Meet The Climate Activist Turning Eco-Anxiety Into Action
It's our mission to drive planet-positive change. That's why we're partnering with leading voices in the sustainability movement – voices like young climate activist Clover Hogan.
Clover told us how at age 11 she wasn’t allowed to watch scary movies so she turned to environmental documentaries. Learning about the equally scary state of the planet, she felt she had to do something. Since then, she’s spent the last ten years campaigning to reduce global warming, researching eco-anxiety, and working with other young people via her nonprofit, Force of Nature.
Here Clover gives inspiring tips on what people can do to make a difference by adopting an eco-friendly lifestyle. She also shares her views on how businesses and governments should reduce their carbon footprint, and take environmental responsibility.
So, how common is eco-anxiety?
UK research shows that over 70% of people aged 18-24 are experiencing eco-anxiety.* We found the same on a global scale, with young people in over fifty countries saying that eco-anxiety was driving feelings of hopelessness and negatively contributing to mental health. It’s a really healthy response; it shows that rather than numbing ourselves, we are awake to the issues.
How can people channel their eco-anxiety into something more positive?
Part of the reason we feel so overwhelmed is we can obsess over individual change and feel lost at how it doesn't often add up to systemic ones. Those individual actions can be great to reinforce values but we don’t want to lose sight of the bigger changes that are required. We need to find a balance in the conversation between individual action and institutional environmental responsibility, especially that of companies that touch billions of lives each day.
Why do you feel that young people play such an important part in solving the climate puzzle?
We have become good at putting this climate crisis on the backburner but young people don't have that privilege. We will be the generation who are going to be left to pick up the pieces but we weren't taught about these problems in school. I felt frustrated that I had to learn from documentaries, not the classroom. There is real anger from young people who are waking up to this crisis and that has incredible power to drive change.
Having worked with primary school students, I’ve seen how they have the power to reimagine the systems we are living in. People in power are so accustomed to the systems as they are currently configured, it is really difficult to imagine an alternative. Power lies in bringing together the creativity and energy of the youth movement with the wisdom and experience of older generations.
On a positive note, what is making you excited about the climate movement right now?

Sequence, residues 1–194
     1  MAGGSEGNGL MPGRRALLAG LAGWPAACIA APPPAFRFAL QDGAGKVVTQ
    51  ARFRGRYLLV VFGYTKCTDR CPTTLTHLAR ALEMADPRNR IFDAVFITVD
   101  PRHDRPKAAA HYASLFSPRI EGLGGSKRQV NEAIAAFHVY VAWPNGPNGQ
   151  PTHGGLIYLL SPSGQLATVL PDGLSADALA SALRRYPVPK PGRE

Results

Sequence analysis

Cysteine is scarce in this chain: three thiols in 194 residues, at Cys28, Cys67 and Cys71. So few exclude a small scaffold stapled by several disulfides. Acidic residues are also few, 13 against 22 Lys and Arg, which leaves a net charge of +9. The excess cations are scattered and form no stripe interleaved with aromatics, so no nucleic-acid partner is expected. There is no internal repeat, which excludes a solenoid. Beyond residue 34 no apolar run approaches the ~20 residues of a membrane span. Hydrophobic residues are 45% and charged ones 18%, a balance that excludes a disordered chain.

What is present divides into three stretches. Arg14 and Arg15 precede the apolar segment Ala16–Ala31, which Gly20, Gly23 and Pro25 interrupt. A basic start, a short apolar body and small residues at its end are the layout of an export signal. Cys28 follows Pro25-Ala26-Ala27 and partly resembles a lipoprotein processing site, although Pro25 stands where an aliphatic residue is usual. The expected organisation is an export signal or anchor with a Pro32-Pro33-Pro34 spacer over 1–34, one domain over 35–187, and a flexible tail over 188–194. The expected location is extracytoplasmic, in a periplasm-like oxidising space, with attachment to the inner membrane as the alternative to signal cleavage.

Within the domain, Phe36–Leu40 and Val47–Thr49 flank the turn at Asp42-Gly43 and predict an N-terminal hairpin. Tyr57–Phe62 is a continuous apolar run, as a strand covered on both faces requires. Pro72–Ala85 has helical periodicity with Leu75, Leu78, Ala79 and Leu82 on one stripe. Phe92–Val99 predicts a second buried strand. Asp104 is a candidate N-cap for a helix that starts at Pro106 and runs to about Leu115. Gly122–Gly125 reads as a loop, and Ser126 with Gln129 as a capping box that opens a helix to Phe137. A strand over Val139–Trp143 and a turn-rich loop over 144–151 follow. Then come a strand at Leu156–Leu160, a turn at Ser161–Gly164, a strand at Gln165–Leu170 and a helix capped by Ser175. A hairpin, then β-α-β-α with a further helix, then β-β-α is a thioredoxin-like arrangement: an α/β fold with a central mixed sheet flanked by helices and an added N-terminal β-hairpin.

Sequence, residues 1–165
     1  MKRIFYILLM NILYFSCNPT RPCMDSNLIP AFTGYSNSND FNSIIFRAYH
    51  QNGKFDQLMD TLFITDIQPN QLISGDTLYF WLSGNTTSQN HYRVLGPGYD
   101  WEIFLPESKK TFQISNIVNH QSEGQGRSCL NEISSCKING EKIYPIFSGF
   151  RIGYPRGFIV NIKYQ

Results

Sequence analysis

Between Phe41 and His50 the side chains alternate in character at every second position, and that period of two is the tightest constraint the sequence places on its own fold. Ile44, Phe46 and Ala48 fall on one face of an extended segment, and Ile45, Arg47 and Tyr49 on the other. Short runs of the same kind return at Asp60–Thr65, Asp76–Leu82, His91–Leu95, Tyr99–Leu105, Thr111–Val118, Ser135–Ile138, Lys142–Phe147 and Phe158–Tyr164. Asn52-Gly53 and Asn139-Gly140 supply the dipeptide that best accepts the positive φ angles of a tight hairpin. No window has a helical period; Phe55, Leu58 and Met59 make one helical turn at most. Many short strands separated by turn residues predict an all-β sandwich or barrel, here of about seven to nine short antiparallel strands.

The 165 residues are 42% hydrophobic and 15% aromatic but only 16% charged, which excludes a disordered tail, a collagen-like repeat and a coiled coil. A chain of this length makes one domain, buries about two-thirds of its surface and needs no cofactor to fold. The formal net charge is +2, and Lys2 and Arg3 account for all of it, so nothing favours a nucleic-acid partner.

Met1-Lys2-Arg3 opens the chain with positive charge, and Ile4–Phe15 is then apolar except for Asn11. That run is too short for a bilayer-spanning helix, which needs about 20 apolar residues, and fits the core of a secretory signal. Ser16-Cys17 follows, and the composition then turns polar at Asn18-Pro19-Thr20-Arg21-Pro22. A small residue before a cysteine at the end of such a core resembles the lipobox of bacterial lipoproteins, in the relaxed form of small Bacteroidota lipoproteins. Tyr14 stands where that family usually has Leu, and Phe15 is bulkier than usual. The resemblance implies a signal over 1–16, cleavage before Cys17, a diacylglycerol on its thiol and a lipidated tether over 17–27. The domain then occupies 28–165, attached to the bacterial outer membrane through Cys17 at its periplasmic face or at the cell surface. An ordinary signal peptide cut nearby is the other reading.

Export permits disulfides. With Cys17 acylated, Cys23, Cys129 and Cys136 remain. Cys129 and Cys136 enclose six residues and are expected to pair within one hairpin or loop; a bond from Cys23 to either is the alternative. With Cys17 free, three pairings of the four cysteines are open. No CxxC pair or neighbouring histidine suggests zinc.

For a long time we have failed in the sustainability space to move the conversation away from polar bears and solar panels. It has felt like something distant and abstract but increasingly we are talking about the urgency of the crisis. In particular, the intersectionality of climate justice and racial justice and how they are not two separate things. We are now creating more avenues for people to participate in these conversations.
It’s also exciting to see people assuming positions of power in policy politics who haven't been there previously. When we have unconventional people in those spaces, we can see change happen at a much faster pace. We’ve also seen lots of groups of young people across the world suing the government for climate inaction.
And finally, what is the one thing you would encourage everyone to do today to help the climate crisis?
I would advocate listening to those feelings of eco-anxiety. We are all aware that we are facing a tipping point as humanity. Rather than plastering over that sense of injustice or focusing on feelings of frustration or anger, listen to them. Realise that it means you have empathy for the issue and can do something about it. I would advise people to tune into their gut response so that when something ignites that fire, that’s the thing they need to take action on.
Like Clover, we believe in the power of listening to our feelings of eco-anxiety as a way to inspire us to take action. Join the climate movement and make one of these positive steps today:
Educate yourself. Follow climate activists and influencers like Clover Hogan on social media to keep up to date on sustainability issues, and discover how to get involved.
Read up on brands who are committed to reducing their impact on the planet. At Dove, we care about improving the health of the planet; striving for a more sustainable way of being. Read more about our commitment here.
Shout about your sustainable lifestyle. Share the positive changes you are making with friends or on social media to inspire others to do the same.